Should a person have a cough, the prescription given is to take a tablespoon of crushed pit with three slices of ginger and a quarter cup of water, to simmer this mixture for twenty minutes then take it morning and evening. For constipated elderly patients, they use the same amount of crushed pit with two tablespoons of honey and a quarter cup of water, and suggest straining then drinking it once, only in the morning.
Chinese date, Zizyphus jujubai--called zao in Chinese--can be found in three colors, red or hong zao), and black or nan zao) the most common; black the most medicinal. There are also brown dates commonly called jujubes or the Great Date and in Chinese called mi zao or de zao. It is interesting to note that in Australia these fruits are called Chinese apples and are thought to be a pesty plant.
Black dates tone the yang of stomach and spleen when made with angelica, red ones do the same for the yang of the circulatory system; brown ones moisten all internal organs. Many parts of the Chinese date plant are considered medicinal. The fruits and seeds are used for anxiety, insomnia, and dizziness, the bark for fever and diarrhea, the root thought to promote hair growth and reduce fever, and the leaves used for scorpion stings. To use them, Chinese like to dry them in the sun no matter their color.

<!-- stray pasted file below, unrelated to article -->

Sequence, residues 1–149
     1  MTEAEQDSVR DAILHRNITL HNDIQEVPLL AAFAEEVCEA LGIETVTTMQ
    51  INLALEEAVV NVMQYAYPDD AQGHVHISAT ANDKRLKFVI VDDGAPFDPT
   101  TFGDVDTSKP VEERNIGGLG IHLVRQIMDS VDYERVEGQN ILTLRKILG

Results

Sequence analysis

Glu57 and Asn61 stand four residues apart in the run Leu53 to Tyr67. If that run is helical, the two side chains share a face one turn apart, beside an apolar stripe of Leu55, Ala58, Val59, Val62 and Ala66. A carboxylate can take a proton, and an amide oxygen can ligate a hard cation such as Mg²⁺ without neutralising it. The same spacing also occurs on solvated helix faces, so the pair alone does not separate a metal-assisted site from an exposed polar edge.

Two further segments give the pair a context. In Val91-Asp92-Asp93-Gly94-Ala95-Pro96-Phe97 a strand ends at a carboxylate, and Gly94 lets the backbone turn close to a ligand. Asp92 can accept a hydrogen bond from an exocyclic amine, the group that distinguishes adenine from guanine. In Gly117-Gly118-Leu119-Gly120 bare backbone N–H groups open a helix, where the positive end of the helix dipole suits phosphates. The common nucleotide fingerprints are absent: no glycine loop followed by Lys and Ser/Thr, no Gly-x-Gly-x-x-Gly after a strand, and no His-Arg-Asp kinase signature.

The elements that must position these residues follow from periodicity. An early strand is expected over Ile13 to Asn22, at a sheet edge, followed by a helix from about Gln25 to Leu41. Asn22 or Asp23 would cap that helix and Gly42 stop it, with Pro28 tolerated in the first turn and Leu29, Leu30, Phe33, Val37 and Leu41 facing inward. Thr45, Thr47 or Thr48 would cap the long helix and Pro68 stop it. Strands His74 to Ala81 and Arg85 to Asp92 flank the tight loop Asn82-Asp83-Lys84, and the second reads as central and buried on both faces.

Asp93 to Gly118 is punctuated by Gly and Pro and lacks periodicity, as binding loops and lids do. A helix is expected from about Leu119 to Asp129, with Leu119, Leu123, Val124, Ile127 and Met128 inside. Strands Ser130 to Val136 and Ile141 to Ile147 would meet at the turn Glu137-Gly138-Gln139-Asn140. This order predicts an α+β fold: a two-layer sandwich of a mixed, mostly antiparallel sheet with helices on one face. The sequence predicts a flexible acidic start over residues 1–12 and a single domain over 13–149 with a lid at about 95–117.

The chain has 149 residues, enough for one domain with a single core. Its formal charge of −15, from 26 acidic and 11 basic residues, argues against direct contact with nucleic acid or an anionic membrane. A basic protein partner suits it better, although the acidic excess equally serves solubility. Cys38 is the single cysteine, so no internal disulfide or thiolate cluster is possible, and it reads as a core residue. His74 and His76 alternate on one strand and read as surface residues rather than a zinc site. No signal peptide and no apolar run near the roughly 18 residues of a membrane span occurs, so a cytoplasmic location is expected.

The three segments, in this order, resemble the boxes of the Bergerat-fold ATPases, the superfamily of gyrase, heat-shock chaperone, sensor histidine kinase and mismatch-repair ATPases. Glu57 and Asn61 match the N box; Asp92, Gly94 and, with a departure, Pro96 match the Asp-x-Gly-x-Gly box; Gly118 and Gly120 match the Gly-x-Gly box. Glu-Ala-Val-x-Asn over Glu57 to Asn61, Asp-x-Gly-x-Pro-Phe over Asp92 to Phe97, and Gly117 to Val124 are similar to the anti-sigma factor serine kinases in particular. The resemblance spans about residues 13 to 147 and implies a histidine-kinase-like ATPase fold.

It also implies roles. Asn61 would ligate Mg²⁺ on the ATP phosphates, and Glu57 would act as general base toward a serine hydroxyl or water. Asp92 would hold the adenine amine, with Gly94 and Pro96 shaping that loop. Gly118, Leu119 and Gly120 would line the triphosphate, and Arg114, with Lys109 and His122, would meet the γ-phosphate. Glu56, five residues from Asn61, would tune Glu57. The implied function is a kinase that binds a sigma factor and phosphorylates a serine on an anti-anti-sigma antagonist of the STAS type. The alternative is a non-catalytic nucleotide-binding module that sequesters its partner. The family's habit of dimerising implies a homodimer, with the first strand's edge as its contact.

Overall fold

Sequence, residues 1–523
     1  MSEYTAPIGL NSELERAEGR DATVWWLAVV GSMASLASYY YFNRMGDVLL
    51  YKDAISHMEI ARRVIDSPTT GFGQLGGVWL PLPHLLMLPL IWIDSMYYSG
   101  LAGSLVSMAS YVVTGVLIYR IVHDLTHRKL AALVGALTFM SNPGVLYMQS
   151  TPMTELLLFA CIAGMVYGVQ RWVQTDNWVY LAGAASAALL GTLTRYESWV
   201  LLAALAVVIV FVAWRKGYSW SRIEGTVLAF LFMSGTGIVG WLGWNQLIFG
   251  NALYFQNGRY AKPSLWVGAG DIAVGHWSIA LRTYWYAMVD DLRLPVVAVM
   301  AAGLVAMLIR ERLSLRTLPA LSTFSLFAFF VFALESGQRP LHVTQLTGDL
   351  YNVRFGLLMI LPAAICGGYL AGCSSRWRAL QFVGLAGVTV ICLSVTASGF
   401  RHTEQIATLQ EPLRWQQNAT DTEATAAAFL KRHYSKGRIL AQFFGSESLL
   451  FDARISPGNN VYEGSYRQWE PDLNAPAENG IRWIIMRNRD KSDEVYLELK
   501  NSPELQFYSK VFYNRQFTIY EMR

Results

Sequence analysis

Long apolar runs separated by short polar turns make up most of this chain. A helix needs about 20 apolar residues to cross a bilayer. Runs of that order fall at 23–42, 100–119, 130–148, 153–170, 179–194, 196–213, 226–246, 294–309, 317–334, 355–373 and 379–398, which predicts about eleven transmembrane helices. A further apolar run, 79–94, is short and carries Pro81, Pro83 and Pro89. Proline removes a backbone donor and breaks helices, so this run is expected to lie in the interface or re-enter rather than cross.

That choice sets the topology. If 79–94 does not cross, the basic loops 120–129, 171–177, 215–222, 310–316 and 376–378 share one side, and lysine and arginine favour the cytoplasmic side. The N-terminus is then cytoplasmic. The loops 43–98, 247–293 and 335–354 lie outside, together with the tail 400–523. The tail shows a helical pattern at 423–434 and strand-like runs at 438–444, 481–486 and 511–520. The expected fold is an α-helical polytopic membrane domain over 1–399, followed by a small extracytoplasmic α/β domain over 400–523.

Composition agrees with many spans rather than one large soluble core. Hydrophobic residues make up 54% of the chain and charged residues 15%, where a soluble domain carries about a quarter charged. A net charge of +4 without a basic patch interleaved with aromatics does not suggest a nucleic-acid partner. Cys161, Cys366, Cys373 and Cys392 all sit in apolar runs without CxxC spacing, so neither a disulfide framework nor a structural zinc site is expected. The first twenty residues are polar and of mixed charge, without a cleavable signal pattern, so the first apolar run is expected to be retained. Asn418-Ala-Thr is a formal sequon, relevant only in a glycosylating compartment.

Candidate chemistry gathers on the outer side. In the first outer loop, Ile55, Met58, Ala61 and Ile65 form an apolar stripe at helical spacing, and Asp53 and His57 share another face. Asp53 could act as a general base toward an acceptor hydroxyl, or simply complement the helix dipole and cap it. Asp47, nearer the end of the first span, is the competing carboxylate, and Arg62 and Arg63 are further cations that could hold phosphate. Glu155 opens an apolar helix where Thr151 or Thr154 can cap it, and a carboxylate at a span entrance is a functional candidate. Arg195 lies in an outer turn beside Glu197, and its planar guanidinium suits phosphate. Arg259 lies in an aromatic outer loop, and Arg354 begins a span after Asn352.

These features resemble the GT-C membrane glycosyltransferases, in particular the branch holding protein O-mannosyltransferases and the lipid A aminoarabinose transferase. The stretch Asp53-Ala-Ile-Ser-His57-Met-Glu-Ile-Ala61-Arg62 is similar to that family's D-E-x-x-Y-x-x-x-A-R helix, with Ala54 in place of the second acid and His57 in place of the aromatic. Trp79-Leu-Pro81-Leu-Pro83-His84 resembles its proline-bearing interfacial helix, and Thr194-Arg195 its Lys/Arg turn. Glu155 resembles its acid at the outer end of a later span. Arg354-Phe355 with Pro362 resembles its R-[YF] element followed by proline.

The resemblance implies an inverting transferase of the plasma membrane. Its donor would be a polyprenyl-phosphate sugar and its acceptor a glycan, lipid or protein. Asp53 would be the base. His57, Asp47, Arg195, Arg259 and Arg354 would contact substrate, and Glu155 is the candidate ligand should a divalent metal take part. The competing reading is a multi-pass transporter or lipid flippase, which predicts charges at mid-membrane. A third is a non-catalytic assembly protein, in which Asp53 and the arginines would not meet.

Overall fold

Cooking black dates for half an hour and then cooling and using them as a poultice is thought to be good for dry skin. All dates are thought good for vital energy or qi; and though Chinese medicine does recommend any date, they specifically mention black ones to tone the spleen but to take them for only ten days, no reasons given. To nourish blood, especially after childbirth, the recommendation is to make a syrup with three times the amount of dried dates as sugar. This date mixture, they believe, also eases the mind (from what I’ve never read). Chinese medicine recommends to those recouping from tuberculosis or hepatitis that they take a tablespoon in their chicken soup and have it twice a day.
For insomnia, Chinese herbalists suggest a stew of three to five grams of dates cooked with white onions until soft; and that they be eaten before bedtime, as needed. Cooking ten times the amount of dates without the onions is recommended for allergies and that it be taken for only five days. These practitioners also tell their patients not to eat too many dates because they can hurt the stomach. On the culinary front, chefs and homemakers use red dates in soups and braised dishes, and everyone eats them as a snack. Brown dates are used in both soups and candies because and they are considered moisturizing.